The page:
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Behind Every Letter Is A Good Woman

America’s Most Badass Women, Now In Alphabet Book Form

With all due respect to Amelia Earhart and Eleanor Roosevelt, the “Cool American Women” chapter of most history textbooks is a bit stale. If you’re the kind of guy who encourages his daughter to turn a Lego Friends juice bar into a flame-throwing mega-bot — or if you want to teach your son what it means to be rad (and radical) — get thee to a local Amazon pick them up a copy of Rad American Women A-Z.

The book covers the alphabet by swapping out Apples and Zebras for Angelas and Zoras — as in political activist Angela Davis and author Zora Neale Hurston. In between, you’ll find short profiles of women spanning multiple generations and professions, as well as a diverse swath of racial and ethnic backgrounds and sexual orientations. The whole thing puts traditional textbooks to shame with vivid wood block-style illustrations that look like they came from a 50s-era, Soviet superhero comic (if Carol Burnett was a Soviet superhero).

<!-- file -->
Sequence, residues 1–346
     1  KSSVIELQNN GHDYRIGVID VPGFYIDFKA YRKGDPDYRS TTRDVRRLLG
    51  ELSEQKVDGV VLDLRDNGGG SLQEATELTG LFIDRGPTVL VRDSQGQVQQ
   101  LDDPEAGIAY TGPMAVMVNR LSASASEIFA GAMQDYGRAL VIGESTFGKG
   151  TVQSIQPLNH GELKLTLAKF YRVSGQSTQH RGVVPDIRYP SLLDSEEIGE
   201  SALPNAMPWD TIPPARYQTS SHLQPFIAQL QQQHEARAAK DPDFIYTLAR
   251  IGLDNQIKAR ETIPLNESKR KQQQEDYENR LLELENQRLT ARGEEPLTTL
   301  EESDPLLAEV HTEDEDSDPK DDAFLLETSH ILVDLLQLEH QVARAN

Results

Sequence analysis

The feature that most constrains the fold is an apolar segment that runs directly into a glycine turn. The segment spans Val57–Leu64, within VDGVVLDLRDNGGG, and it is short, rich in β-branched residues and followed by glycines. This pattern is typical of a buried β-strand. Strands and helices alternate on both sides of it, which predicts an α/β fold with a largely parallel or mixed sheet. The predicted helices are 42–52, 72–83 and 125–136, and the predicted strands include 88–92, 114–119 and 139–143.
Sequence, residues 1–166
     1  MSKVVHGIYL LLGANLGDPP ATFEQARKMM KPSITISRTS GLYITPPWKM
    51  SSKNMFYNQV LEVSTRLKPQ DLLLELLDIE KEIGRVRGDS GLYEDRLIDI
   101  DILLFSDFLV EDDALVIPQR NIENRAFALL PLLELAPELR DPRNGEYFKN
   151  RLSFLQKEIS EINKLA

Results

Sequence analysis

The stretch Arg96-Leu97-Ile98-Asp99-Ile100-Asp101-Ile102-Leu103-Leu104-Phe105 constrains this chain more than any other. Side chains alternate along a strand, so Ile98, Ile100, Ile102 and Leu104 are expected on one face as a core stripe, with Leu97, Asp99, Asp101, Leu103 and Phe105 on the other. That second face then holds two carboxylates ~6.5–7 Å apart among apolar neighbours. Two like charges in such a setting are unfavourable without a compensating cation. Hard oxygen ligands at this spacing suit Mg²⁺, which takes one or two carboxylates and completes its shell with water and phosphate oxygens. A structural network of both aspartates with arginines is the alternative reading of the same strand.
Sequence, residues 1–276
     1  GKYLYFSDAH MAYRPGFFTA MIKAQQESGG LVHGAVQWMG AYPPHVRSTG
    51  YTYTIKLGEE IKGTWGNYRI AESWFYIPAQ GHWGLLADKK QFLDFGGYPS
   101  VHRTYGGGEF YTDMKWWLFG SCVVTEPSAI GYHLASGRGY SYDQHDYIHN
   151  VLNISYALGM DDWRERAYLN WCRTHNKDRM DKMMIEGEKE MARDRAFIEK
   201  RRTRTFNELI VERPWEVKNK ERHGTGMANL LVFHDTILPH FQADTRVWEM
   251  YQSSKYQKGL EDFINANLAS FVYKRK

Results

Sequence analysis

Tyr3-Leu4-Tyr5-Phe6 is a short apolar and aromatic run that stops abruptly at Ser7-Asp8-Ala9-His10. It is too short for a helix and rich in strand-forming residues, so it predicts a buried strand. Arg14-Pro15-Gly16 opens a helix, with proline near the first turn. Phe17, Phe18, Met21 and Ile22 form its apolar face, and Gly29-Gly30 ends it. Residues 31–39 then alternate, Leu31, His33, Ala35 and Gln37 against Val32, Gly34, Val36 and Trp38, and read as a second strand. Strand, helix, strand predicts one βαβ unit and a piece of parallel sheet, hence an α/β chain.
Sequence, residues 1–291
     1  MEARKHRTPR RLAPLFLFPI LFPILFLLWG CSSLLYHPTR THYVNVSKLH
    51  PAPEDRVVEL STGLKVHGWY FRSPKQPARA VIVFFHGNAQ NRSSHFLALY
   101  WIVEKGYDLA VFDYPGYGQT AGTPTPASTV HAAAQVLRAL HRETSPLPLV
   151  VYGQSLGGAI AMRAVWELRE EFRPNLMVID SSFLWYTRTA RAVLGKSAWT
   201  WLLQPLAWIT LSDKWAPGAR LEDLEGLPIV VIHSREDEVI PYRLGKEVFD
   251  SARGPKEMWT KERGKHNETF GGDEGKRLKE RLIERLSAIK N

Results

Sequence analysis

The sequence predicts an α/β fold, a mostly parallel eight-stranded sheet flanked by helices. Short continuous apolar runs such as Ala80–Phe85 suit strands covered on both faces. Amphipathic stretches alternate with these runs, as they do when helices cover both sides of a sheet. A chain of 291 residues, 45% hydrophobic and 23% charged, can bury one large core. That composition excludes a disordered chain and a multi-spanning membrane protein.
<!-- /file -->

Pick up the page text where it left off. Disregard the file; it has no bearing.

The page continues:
Rad American Women will give your kids an appreciation for the traditionally less-heralded role that women have played in our nation’s history — this might be the first thing you could call a “Herstory Book” with a straight face.

Hazel Scott was a musician and entertainer who was the first African American with her own TV show. The Hazel Scott Show was a variety show that premiered in 1950, 14 years before the Civil Rights Act and 39 years before The Arsenio Hall Show.

A proto-punk poet and queen of the downtown New York City scene in the 70s, Smith served as a muse for men who failed to ever become her artistic equal.

The first hispanic judge on the Supreme Court, Sotomayor brings a voice for minorities to an institution long dominated by old white guys.

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